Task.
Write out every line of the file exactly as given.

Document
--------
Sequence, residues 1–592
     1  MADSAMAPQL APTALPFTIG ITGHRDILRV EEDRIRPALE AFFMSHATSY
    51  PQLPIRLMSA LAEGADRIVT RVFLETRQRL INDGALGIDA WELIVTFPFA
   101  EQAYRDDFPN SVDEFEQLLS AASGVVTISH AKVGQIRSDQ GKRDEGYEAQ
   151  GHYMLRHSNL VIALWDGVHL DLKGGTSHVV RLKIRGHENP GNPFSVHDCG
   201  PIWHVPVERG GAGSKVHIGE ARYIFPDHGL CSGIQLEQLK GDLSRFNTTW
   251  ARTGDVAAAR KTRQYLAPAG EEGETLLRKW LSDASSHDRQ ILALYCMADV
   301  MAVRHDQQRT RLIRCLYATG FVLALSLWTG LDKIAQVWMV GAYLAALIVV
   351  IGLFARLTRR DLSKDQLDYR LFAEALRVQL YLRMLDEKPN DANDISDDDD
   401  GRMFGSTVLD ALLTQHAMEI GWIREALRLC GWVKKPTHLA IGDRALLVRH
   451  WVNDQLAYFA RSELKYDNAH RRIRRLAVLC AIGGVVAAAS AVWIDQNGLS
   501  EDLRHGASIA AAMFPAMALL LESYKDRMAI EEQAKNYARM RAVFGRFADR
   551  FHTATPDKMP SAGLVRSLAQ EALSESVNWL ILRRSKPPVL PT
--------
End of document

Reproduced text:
Sequence, residues 1–592
     1  MADSAMAPQL APTALPFTIG ITGHRDILRV EEDRIRPALE AFFMSHATSY
    51  PQLPIRLMSA LAEGADRIVT RVFLETRQRL INDGALGIDA WELIVTFPFA
   101  EQAYRDDFPN SVDEFEQLLS AASGVVTISH AKVGQIRSDQ GKRDEGYEAQ
   151  GHYMLRHSNL VIALWDGVHL DLKGGTSHVV RLKIRGHENP GNPFSVHDCG
   201  PIWHVPVERG GAGSKVHIGE ARYIFPDHGL CSGIQLEQLK GDLSRFNTTW
   251  ARTGDVAAAR KTRQYLAPAG EEGETLLRKW LSDASSHDRQ ILALYCMADV
   301  MAVRHDQQRT RLIRCLYATG FVLALSLWTG LDKIAQVWMV GAYLAALIVV
   351  IGLFARLTRR DLSKDQLDYR LFAEALRVQL YLRMLDEKPN DANDISDDDD
   401  GRMFGSTVLD ALLTQHAMEI GWIREALRLC GWVKKPTHLA IGDRALLVRH
   451  WVNDQLAYFA RSELKYDNAH RRIRRLAVLC AIGGVVAAAS AVWIDQNGLS
   501  EDLRHGASIA AAMFPAMALL LESYKDRMAI EEQAKNYARM RAVFGRFADR
   551  FHTATPDKMP SAGLVRSLAQ EALSESVNWL ILRRSKPPVL PT